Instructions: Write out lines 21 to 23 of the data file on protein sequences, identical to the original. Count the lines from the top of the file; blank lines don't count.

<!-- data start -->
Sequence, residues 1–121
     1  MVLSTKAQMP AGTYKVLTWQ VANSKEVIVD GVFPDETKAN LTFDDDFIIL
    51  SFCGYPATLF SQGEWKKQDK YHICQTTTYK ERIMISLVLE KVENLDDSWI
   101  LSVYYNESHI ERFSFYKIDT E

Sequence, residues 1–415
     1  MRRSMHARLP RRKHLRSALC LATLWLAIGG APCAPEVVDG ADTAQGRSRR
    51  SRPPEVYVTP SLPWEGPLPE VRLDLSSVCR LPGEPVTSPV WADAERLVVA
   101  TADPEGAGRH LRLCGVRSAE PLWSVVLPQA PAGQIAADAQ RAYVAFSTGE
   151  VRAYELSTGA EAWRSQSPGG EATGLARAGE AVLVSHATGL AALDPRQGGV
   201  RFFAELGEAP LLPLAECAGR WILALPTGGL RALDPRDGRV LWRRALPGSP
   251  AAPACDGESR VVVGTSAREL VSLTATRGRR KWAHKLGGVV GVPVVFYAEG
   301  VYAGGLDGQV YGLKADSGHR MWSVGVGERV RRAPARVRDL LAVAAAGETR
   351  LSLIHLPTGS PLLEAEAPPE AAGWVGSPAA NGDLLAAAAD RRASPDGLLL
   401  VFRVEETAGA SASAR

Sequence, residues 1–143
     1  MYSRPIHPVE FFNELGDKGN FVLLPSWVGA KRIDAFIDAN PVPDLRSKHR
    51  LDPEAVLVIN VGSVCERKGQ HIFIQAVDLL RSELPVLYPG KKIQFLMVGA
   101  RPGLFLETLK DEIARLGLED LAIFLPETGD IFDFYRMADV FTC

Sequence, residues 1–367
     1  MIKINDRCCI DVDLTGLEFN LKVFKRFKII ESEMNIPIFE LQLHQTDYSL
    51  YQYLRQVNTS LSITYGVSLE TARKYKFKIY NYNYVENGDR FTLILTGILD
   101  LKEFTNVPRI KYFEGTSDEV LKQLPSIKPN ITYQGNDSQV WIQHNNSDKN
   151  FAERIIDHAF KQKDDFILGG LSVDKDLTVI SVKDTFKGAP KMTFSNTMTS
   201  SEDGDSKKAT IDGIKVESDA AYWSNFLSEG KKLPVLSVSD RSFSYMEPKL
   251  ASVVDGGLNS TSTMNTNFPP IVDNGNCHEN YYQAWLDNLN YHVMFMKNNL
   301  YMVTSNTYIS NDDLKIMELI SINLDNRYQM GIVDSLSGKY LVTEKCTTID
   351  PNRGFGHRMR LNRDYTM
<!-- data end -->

    51  YQYLRQVNTS LSITYGVSLE TARKYKFKIY NYNYVENGDR FTLILTGILD
   101  LKEFTNVPRI KYFEGTSDEV LKQLPSIKPN ITYQGNDSQV WIQHNNSDKN
   151  FAERIIDHAF KQKDDFILGG LSVDKDLTVI SVKDTFKGAP KMTFSNTMTS